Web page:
Sunday, June 02, 2002

Grants fund arts, shelter

By Cindi Andrews
The Cincinnati Enquirer

        LEBANON — The Warren County Foundation has announced its biggest grants yet — $5,000 each to organize summer activities for low-income kids and to help homeless families.

        The Warren Metropolitan Resident Council will get the grant to provide arts and other events for children at Brookville, a low-income community. The Interfaith Hospitality Network will get the grant to help Warren County families seeking shelter.

        “We want to draw attention to their fine work,” Warren County Foundation President Robert Elias said of the two groups.

        The awards come as the 5-year-old foundation prepares to step up its money-raising and distribution efforts. Its chief role so far has been as a conduit for people who want to give money to a specific cause.

        “We wanted to see those folks who live in Warren County have a place where they can put their money here,” said board member Richard Yost, a Mason pharmacy owner.

        The foundation also has awarded grants of $500 to $2,000 to local agencies. It hopes to boost those efforts by raising $1 million in unrestricted money in the next 18 months, Mr. Elias said.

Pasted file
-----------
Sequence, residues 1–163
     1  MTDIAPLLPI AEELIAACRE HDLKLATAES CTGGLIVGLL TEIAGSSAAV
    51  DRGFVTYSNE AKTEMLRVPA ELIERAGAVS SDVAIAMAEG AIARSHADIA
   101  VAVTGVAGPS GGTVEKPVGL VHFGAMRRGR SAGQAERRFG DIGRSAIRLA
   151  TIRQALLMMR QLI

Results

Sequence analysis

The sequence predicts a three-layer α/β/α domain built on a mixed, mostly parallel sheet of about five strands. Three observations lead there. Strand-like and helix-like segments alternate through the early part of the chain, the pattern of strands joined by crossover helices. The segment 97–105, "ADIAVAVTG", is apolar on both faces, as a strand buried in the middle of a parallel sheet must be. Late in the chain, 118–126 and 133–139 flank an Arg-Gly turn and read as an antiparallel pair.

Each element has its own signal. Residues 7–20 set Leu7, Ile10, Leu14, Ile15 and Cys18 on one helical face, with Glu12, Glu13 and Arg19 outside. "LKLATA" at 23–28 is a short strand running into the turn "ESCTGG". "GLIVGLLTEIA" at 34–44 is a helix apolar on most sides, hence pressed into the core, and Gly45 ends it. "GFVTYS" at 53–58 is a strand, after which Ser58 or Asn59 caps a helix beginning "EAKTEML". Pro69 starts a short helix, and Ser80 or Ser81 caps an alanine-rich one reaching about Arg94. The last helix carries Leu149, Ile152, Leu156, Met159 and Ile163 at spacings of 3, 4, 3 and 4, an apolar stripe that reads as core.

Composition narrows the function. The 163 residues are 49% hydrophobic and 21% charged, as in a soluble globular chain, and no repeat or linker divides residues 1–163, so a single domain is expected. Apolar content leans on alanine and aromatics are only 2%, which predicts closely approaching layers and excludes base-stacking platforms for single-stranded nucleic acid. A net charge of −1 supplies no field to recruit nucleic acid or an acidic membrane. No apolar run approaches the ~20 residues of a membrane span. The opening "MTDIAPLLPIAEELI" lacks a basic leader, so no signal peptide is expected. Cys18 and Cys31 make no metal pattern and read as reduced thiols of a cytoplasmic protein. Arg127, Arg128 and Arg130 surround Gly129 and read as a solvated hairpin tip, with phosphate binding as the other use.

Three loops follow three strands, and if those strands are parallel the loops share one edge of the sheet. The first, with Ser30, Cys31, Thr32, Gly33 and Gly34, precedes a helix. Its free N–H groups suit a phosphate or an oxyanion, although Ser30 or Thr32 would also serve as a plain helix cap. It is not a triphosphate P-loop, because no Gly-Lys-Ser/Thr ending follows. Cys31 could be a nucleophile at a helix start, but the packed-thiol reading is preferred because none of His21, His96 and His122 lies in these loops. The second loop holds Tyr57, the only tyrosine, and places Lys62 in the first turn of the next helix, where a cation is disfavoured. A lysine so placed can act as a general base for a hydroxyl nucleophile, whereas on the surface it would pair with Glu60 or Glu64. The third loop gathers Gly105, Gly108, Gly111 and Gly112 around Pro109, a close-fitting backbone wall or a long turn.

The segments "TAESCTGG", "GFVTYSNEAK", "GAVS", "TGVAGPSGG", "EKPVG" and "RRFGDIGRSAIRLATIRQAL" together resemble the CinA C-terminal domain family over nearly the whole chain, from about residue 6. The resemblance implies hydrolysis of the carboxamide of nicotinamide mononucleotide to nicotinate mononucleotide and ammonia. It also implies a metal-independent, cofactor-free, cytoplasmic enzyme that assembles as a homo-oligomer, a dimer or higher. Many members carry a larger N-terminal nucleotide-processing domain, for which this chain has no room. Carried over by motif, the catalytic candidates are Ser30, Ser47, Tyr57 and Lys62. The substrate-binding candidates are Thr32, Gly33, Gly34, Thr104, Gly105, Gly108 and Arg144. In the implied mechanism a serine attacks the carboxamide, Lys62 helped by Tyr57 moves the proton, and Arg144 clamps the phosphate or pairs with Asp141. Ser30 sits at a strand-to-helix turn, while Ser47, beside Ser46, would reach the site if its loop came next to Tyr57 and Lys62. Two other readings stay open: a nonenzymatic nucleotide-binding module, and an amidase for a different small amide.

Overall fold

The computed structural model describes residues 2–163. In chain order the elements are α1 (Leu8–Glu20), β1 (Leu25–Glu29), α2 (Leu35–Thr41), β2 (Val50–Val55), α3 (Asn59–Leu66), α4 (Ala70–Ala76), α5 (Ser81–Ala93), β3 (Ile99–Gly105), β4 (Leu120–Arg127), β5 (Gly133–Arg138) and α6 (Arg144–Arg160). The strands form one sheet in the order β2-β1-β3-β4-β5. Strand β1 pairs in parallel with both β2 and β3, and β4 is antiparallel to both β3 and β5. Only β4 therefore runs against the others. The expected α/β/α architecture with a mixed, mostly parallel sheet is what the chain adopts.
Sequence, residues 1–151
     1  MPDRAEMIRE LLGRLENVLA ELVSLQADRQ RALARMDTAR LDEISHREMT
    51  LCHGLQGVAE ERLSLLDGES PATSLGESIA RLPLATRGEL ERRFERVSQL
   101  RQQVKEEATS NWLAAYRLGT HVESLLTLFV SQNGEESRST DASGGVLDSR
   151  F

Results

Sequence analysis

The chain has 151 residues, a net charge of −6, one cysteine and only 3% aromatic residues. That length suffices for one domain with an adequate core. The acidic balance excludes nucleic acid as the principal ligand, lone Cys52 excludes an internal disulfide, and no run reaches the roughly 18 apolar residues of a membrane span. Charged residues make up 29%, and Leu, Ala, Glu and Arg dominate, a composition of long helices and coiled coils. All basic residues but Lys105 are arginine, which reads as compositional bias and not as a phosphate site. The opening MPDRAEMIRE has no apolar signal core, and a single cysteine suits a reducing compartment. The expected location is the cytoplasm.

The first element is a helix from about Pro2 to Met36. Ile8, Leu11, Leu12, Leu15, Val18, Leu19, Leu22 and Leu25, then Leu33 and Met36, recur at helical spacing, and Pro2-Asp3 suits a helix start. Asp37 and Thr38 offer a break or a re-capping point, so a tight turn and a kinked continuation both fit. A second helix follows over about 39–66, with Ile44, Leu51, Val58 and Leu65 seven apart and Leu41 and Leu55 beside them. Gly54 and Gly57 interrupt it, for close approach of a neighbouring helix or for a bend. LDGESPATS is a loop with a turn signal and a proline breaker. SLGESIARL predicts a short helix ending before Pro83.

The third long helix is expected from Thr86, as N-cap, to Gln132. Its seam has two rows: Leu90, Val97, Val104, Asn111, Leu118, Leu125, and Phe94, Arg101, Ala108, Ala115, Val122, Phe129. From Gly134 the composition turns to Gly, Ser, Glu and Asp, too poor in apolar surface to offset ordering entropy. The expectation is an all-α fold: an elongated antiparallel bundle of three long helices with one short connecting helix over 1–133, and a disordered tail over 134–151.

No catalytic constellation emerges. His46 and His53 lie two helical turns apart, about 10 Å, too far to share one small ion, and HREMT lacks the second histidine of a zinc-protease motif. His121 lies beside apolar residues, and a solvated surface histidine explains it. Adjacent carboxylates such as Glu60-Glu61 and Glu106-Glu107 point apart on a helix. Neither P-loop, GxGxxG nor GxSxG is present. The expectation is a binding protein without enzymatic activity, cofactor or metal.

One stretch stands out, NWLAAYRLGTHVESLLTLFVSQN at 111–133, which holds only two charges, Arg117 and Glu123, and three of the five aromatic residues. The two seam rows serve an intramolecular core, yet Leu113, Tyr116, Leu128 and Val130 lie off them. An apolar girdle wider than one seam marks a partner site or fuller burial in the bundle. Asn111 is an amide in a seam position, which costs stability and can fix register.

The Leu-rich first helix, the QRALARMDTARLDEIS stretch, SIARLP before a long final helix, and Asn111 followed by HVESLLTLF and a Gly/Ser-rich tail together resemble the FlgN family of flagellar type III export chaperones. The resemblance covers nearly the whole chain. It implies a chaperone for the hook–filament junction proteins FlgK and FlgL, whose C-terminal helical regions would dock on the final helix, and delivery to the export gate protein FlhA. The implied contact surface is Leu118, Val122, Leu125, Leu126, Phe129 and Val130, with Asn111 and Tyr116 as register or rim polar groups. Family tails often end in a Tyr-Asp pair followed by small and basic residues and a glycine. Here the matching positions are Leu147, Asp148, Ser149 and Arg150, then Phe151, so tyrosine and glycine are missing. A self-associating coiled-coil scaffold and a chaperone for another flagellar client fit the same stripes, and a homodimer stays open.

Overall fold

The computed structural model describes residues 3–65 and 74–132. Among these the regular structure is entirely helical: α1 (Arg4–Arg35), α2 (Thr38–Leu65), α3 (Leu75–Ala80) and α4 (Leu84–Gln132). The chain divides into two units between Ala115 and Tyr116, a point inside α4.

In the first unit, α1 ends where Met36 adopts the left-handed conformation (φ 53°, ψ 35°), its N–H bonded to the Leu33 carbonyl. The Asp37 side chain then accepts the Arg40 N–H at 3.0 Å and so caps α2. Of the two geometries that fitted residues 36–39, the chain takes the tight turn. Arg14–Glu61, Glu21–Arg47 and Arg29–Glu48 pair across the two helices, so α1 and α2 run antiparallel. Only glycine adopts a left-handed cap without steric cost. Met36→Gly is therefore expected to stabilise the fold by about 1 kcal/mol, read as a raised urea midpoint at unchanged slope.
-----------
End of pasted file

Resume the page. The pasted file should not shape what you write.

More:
“There are a lot of needs, and people who have good ideas and intentions, but not the funds to fulfill them,” Mr. Yost said.

        People such as Mary Wells, whose stint as a Girl Scout leader evolved into a mission to help the youngsters of Lebanon's East Ridge community realize their potential.

        Ms. Wells began organizing Art Days at East Ridge about six years ago with a grant from the Greater Cincinnati Foundation.

        The first day, she said, she knocked doors looking for children to join her makeshift art studio.

        “The kids got so they knew when the tarp went up something was happening,” said Ms. Wells, 57, of Oregonia. “They didn't know what it was, but they knew it would be something good.”

        Ms. Wells' programs have inspired the kids to do well in school and even inspired some of their parents to form the Warren Metropolitan Resident Council.

        Now, the Warren County Foundation is betting $5,000 that she can replicate her success at Brookville.


City manager's support surprises chief's critics
Chief reinforces support of council, black officers
Teacher on leave dies
Bridge collapse on Ohio unlikely
Covington's Fifth St. to reopen after fire
Farmers off to soggy start
PULFER: Citizens own Ground Zero
SMITH AMOS: Budget gives to the rich, not the poor
BRONSON: City fights back with anti-drug, pro-police rally
Freedom Center ceremony postponed
Minorities advised by home program
Drug raid nets four arrests
Man faces 8 counts in sex abuse case
Obituary: Sister Maria Lamphier 'was a people person'
Program finds work for young people
11 rabbis ordained
Good News: Car wash a group effort
- Grants fund arts, shelter
Hospice to open in Butler County
Other Erpenbecks could develop name complex
CROWLEY: Primary too close for GOP comfort
Lexington bishop named in second sex abuse suit
Louisville priest cleared of allegation
State must detail plan
Byrd cost Ohio $786K to prosecute
Kentucky Digest
Mayor resigns - but why?
School contracts overturned